Deere & Co (DE.N), the world's largest farm equipment maker, reported first-quarter results above analysts' expectations as farmers geared up to plant the biggest corn crop in U.S. history following the worst drought in the U.S. Midwest in 56 years.
The company also raised its forecast for net income in 2013 to $3.3 billion from $3.2 billion. Analysts had estimated $3.26 billion on average, according to Thomson Reuters I/B/E/S.
"Relatively high commodity prices and strong farm incomes are expected to continue supporting a favorable level of demand for farm machinery during the year," Deere said.
The U.S. Agriculture Department said this week that farm income would soar to a record $127.6 billion this year, up 15 percent.
Deere said it expects total sales of agriculture and turf equipment to rise by about 6 percent in the year ending October.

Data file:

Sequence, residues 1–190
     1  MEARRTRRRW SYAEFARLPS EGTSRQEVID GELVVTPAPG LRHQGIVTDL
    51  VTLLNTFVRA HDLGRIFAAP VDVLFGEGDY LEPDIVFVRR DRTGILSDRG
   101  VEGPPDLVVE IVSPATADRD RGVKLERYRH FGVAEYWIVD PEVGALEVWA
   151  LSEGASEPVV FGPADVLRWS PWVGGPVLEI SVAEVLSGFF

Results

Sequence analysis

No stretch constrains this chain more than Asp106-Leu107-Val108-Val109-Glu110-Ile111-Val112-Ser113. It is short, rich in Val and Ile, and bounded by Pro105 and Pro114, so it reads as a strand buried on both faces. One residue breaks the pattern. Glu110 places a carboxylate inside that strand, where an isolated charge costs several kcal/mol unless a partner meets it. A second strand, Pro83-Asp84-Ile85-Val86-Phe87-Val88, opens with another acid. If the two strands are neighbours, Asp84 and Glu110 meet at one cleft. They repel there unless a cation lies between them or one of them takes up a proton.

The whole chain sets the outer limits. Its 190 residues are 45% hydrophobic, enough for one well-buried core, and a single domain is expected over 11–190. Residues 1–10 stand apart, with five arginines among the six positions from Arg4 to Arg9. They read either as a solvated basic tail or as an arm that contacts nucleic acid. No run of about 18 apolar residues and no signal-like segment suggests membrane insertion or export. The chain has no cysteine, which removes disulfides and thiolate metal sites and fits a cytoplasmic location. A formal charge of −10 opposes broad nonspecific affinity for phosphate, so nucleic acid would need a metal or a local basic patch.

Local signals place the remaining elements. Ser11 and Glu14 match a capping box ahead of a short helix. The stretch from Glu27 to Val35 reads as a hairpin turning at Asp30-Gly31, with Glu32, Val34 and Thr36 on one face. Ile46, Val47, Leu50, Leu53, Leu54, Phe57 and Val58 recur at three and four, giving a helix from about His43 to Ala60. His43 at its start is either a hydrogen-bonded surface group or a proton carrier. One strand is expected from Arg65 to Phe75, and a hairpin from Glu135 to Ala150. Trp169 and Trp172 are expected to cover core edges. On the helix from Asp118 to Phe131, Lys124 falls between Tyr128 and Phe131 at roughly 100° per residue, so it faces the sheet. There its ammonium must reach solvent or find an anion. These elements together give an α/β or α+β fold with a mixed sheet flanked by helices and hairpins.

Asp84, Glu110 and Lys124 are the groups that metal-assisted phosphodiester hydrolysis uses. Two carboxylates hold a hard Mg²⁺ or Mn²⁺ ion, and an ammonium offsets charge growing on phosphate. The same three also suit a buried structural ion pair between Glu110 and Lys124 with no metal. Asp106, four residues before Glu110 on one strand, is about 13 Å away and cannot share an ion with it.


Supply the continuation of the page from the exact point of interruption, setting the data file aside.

Deere, whose competitors include AGCO Corp (AGCO.N) and Caterpillar Inc (CAT.N), said it expects sales in the United States and Canada to rise as much as 5 percent in the year.
Demand from Asia is also expected to rise slightly due to a strengthening Chinese economy, Deere said.
The company expects the strongest demand to come from South America, reflecting a booming commodities market in Brazil.
Sales of agriculture and turf equipment -- which make up about three-quarters of Deere's total revenue -- jumped 16 percent in the quarter ended January 31.
Total revenue rose 10 percent to $7.42 billion, well ahead of the $6.72 billion analysts had expected.
Net income attributable to Deere rose to $649.7 million, or $1.65 per share, in the first quarter from $532.9 million, or $1.30 per share, a year earlier. Analysts expected first-quarter earnings of $1.40 per share.
Deere's agricultural business performed "extremely well" in the first quarter, BMO Capital Markets Joel Tiss said.
Deere shares were flat before the bell on Wednesday. The stock, which has gained about 10 percent in the last 12 months, closed at $93.97 on the New York Stock Exchange on Tuesday.
(This story was fixed to correct AGCO's instrument code (RIC) to AGCO.N from AGCO.O in paragraph 6)
(Reporting by Sagarika Jaisinghani in Bangalore; Editing by Sreejiraj Eluvangal)